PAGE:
If you don’t use podcasts in your ESL lessons, you don’t know what you’re missing.
Here is what you need to know to get started with this great resource for ESL teachers and students.
What Is a Podcast?
Back in the early days of radio, families and individuals could be found gathered around a radio listening to programs any night of the week. Back then, this was how most people got their news as well as their entertainment. They listened to radio dramas and children’s’ programs. There weren’t many other options until television made its big splash later.
In a way, the podcast is the modern version of radio programing. In essence, a podcast is an audio program produced either professionally or by an amateur about a certain topic. Some podcasts are about news and current events. Others are instructional, how to programs if you will. Still others are dramas where podcasters read short stories or share serial programs. Basically, if you can think of a topic, there is probably a podcast on it. And while you won’t have to tune your radio in to a certain frequency to access podcasts, almost anyone can find a program they enjoy with just a little bit of effort.
So why does this matter for the ESL teacher? Because podcasts are a great resource for your classroom. You can use podcasts lots of different ways to help your students in their journey to learn English. And there’s one other great reason teachers love podcasts. They’re FREE! So if you want to learn how to use podcasts with your ESL students, here are some thoughts on how to do that.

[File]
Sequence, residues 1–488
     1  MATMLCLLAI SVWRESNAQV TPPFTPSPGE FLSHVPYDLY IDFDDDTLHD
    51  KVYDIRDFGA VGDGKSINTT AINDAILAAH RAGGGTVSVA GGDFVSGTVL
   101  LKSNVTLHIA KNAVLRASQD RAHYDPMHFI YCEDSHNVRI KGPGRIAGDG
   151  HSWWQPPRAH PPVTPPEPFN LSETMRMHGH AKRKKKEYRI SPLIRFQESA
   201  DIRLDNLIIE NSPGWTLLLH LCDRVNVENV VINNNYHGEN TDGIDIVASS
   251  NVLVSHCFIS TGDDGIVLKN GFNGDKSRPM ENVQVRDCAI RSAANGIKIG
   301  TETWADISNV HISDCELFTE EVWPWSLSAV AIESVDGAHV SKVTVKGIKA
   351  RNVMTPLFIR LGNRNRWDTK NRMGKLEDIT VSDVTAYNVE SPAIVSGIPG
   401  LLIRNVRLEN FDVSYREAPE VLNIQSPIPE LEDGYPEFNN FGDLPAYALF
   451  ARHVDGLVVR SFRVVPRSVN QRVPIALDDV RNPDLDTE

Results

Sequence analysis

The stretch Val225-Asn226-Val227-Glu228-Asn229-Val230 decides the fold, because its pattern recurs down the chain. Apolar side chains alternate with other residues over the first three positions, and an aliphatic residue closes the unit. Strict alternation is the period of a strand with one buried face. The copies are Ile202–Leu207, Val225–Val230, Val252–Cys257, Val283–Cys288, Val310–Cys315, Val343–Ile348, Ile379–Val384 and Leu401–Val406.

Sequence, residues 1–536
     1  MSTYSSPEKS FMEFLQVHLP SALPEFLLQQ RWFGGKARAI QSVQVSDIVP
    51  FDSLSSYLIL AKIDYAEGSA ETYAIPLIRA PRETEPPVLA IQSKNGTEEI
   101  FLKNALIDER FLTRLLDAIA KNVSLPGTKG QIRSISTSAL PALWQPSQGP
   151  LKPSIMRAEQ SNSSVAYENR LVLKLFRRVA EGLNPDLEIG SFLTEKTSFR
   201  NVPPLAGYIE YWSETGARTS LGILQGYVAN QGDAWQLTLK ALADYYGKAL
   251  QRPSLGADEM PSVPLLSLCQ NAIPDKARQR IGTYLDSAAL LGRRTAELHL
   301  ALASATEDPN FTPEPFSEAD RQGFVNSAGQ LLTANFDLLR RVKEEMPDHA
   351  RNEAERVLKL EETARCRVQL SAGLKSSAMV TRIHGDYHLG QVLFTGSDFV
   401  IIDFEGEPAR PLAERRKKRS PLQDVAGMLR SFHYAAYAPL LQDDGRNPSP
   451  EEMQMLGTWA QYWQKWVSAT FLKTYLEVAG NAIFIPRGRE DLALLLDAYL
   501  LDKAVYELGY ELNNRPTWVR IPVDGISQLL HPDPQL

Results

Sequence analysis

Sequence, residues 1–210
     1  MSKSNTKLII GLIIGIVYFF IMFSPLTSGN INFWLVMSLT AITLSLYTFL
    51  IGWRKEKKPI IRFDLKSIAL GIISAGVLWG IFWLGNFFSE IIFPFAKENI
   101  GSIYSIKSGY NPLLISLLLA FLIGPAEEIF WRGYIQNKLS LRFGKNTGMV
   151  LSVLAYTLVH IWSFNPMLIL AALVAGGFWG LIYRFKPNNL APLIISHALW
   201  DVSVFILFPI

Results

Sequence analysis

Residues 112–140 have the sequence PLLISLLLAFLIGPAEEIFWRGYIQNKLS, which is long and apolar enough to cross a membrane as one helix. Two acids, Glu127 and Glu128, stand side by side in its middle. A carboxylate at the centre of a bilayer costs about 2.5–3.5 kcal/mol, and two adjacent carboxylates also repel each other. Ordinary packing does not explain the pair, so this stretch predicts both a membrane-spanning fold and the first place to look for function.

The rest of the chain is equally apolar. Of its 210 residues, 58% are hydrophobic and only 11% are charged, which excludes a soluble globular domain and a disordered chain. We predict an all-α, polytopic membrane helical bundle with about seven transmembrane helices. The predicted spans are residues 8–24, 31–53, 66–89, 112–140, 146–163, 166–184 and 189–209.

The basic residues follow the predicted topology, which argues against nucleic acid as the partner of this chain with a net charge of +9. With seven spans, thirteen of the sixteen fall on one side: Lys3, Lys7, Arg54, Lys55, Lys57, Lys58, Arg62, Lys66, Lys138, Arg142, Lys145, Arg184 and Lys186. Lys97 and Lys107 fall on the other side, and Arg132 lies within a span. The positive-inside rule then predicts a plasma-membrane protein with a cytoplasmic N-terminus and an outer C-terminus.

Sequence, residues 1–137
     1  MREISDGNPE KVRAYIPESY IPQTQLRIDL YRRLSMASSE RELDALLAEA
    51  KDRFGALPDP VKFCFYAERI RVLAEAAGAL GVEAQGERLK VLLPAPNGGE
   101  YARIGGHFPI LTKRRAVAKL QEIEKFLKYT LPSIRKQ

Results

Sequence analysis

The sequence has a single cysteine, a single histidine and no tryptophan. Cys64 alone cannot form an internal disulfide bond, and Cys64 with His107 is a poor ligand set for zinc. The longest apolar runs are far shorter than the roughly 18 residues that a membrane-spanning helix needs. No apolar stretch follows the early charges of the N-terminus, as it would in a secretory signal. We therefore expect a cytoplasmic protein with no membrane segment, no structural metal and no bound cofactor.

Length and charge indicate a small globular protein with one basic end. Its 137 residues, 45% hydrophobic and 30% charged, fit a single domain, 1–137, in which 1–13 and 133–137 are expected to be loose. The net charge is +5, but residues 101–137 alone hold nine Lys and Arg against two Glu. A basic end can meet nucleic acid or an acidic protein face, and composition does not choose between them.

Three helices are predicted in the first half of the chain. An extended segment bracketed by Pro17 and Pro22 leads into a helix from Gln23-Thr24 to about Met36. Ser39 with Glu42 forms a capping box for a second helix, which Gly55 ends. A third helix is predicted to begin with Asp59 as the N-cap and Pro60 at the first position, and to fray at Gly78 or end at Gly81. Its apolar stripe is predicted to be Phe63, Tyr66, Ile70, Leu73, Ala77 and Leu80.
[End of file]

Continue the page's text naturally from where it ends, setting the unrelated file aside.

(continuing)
Top 9 Ways to Use Podcasts in the ESL Classroom
Podcasts are a great resource for listening comprehension material in your ESL class. Most of them are relatively short, so you can easily give a listen on your own, before your students arrive, and come up with a few comprehension questions for your students to answer after they listen.
Plus, since they are produced by both professionals and amateurs, you will find more authentic speech patterns and English pronunciation in podcasts. This can be a challenge for your students’ listening skills, but one they would do well to master. In addition to accent, your students will also encounter regional dialect differences including vocabulary and slang.
As An Example of Something You Want Them to Do
Podcasts are a great way to model something that you want your students to do. It is very helpful for ESL students to record themselves speaking and then listen to that recording and evaluate their own speech. You can use a podcast as a model for something you want them to do. If you want them to give an instructional presentation, play a podcast in which someone is explaining how to do something. If you like, have your students do their presentation live or via recording and have them do a self-evaluation before you give them your own speaking evaluation.
Listen for Specific Words and Fill in the Blank